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1812: The War and Its Moral: A Canadian Chronicle
Contributor(s): Coffin, William Foster (Author), Coffin, William (Author)

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ISBN: 1429020695     ISBN-13: 9781429020695
Publisher: Applewood Books
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Binding Type: Paperback - See All Available Formats & Editions
Published: July 2009

Click for more in this series: Military History (Applewood)
Additional Information
BISAC Categories:
- History | Military - Wars & Conflicts (other)
- History | Military - United States
- History | United States - 19th Century
Dewey: 973.523
Series: Military History (Applewood)
Physical Information: 0.67" H x 6" W x 9" L (0.97 lbs) 300 pages
- Chronological Period - 1800-1850
- Cultural Region - British Isles
Descriptions, Reviews, Etc.
Publisher Description:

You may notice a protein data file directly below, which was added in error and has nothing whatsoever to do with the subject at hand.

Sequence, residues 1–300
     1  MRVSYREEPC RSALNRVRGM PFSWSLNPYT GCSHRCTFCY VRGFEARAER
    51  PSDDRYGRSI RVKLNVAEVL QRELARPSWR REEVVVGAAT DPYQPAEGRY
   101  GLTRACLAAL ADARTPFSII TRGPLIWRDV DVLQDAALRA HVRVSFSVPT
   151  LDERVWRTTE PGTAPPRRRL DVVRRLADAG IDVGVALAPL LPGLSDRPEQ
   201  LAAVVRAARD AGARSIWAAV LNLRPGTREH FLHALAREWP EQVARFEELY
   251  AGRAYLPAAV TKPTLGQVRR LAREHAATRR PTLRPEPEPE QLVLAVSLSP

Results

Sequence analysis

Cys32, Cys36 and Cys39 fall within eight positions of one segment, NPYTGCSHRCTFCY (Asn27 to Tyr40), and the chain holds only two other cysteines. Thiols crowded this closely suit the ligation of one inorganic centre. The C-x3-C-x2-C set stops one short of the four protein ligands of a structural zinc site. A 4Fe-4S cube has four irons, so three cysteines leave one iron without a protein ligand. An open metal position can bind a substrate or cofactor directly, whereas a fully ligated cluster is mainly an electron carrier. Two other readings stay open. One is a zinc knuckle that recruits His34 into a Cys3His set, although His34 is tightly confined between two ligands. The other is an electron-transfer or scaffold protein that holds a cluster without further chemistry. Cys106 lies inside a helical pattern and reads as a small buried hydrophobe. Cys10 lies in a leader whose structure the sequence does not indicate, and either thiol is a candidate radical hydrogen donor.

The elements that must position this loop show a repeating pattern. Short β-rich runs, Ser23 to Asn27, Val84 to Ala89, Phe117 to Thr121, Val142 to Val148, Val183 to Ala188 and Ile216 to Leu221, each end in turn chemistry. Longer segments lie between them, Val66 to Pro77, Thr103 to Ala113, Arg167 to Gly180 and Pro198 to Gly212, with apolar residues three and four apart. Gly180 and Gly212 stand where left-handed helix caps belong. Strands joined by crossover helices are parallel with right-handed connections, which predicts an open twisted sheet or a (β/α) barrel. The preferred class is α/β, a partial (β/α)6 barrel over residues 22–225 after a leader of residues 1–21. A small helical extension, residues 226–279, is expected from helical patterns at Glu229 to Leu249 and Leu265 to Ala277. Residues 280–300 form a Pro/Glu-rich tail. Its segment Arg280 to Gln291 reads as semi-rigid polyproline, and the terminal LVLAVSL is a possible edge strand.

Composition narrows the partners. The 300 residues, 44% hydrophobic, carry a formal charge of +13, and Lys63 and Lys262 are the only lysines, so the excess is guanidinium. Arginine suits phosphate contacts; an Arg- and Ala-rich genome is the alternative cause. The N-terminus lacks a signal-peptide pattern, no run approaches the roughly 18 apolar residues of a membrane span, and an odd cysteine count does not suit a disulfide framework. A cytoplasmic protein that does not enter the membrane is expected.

Purchase of this book includes free trial access to www.million-books.com where you can read more than a million books for free. This is an OCR edition with typos. Excerpt from book: CHAPTER III. State of Canada at the outbreak of the war. Military force?Attitude of the people. Ayatar of Brock?His character and early career?Letter from Montreal, 1808?Takes command of troops in Upper Canada, 1810?Becomes Lieutenant-Governor, 1811. Hull invades Canada, 12th July. Proclamation?Brock's reply?Meets Parliament. Spirit of the country. United Empire Loyalists. Proctor at Amherstburg, 4th August?Detaches Tecumseh?Defeats Van Horne. On 7th August, Hull retires from Canada. Affair at Magagua. Capture of Miohilimacinac, by Capt. Roberts and Toussaint Pothier. Brock with York Volunteers reaches Amherstburg. Interview with Tecumseh. Capture of Detroit, 16th August, 1812. At the outbreak of the war, Canada was in fact in a defenceless condition. To man the fortresses of Quebec and Kingston, and to cover a frontier of 1,700 miles in length, the whole available force consisted of 4,450 regulars of all arms. In the Upper Province, which presents a water frontier of 1,300 miles, there were but 1,450 soldiers, or about two men and a fraction per mile, without counting garrisons. Sir George Prevost, whose qualifications partook more of a civil than of a military character, governed the country, and commanded in chief. The militia consisted of about 2,000 men in the Lower Province, and perhaps 1,800 in the Upper, not all called out, unarmed and undisciplined, and possessing little of the appearance or of the quality of soldiers, except pluck. It may well be imagined, and admitted without disparagement to any, that, in the absence of all fitting preparation, the tocsin of war bore upon its echoes dismay to many hearts. The preparations of the enemy had been long made and ostentatiously paraded. Doubtless their extent had been exaggerated, but still they wereimmeasurably in ...
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